The General Data Protection Regulations (GDPR) are set to come into force in May 2018. This set of regulations represents the most sweeping change in the way companies are required to handle data since the dawn of the Internet. Compliance is universally required and failure to comply can result in heavy fines.
The fines, of course, have garnered the most attention. Smaller incidents result in fines of up to €10 million or 2% of a firm’s global revenue, whichever is larger. The largest fines are up to the greater of €20 million or 4% of a firm’s global revenue. In one recent example, a global hospitality company was fined $700,000 for a breach of customer data. Under GDPR, that fine could have been as much as $420 million. The UK Register reported that fines could increase 79x under GDPR. For those companies operating in the UK looking for any relief under Brexit, the proposed UK Data Protection Bill offers a very similar approach and mirrors many of the GDPR provisions.
European officials are quick to say that they do not expect to see such an increase in fines. The UK’s Information Commissioner, Elizabeth Denham, states on the ICO Blog, “[W]e intend to use those powers [granted under GDPR] proportionately and judiciously. And while fines may be the sledgehammer in our toolbox, we have access to lots of other tools that are well-suited to the task at hand and just as effective. ”
While Ms. Denham may be perfectly sincere in her sentiments, for those companies less trusting of the statements – sincere as they may be – of a government official, there are things that you should be doing now.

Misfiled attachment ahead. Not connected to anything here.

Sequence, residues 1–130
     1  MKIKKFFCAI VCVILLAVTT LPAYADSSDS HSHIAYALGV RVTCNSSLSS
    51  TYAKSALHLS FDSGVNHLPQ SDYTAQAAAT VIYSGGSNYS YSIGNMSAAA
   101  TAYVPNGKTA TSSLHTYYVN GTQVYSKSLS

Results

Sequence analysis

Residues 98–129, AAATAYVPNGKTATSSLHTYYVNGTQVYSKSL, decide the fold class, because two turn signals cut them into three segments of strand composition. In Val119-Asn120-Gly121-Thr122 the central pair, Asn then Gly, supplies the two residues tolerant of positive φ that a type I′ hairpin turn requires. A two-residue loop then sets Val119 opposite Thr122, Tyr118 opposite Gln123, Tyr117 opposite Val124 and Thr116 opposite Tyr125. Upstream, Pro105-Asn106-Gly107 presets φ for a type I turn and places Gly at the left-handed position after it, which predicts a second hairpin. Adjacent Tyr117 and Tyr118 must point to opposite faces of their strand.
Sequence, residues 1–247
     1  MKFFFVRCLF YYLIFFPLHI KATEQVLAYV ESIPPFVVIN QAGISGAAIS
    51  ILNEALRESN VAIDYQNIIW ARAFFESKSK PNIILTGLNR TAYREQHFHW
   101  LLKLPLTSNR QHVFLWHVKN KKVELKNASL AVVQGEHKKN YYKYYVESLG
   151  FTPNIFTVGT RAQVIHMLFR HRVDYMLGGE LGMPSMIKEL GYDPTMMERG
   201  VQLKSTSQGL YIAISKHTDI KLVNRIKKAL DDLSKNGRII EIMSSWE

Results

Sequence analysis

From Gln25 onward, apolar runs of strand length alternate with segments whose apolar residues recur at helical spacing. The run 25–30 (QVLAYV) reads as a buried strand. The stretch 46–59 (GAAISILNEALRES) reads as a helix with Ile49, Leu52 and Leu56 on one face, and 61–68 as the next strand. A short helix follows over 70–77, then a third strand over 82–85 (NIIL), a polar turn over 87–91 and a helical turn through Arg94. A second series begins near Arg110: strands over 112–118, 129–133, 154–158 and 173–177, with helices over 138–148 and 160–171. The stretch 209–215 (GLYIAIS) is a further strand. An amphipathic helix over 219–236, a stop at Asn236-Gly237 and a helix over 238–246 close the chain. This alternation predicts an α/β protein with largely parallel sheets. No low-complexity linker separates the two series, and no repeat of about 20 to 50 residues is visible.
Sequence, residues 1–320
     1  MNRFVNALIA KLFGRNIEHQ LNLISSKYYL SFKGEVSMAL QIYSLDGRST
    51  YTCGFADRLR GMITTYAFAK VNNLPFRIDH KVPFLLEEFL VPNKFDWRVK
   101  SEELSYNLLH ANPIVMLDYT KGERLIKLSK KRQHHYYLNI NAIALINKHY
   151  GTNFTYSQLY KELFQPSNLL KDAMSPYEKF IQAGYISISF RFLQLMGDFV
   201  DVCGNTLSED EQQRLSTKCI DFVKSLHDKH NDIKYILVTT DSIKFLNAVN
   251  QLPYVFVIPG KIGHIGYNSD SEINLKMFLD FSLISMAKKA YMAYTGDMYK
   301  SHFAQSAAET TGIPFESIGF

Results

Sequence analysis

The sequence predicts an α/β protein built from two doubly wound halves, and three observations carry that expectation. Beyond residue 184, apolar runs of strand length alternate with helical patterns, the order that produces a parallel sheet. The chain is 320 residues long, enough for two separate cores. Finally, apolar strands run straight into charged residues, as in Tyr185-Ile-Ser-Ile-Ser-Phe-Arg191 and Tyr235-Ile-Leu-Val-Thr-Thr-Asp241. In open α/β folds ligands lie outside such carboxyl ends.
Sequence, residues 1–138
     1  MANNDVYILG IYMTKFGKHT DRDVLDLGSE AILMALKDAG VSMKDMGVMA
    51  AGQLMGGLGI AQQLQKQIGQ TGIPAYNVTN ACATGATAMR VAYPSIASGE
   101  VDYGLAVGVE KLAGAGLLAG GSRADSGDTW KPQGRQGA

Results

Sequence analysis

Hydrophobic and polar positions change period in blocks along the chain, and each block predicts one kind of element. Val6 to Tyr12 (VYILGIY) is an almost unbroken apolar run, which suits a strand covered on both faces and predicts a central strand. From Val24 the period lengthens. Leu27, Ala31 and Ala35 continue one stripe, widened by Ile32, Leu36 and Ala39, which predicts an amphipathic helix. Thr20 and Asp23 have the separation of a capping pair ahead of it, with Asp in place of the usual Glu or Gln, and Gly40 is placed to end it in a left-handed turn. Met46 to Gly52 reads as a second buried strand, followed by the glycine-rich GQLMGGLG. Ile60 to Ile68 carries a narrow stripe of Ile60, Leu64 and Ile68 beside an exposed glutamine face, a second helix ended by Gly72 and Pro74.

How Do You Move a Mountain?
The sheer expanse of the GDPR universe of responsibility is overwhelming. GDPR requires you to have an understanding of your data stores well beyond what most companies actually have today. In a perfect case, data of individuals would be fully linked, anonymized, completely documented as to the reasons for storing the data, fully secured, yet each piece of data easily accessible in the event that individual issues a subject access request. In many cases, these requirements necessitate a full rethinking and reconfiguration of a company’s data stores.
But you move a mountain one stone at a time and companies should focus on the immediate first step: mapping and identifying all their data subject to GDPR.
Of course, this is just “best practices.” The average total cost per data breach for a company is $3.62 million according to 2017 Poneman Research Study, not to mention reputational damage to the brand and possible litigation. No entity is immune from ransomware gangs, careless employees exposing records or hackers. Given the seriousness of a data breach in compromising the privacy of individuals, companies typically act quickly to remediate the situation. This often includes locating personally identifiable information (PII) in different areas across the organization’s network environment and other data stores, and doubling down on implementing policies and processes to ensure that PII related content is controlled.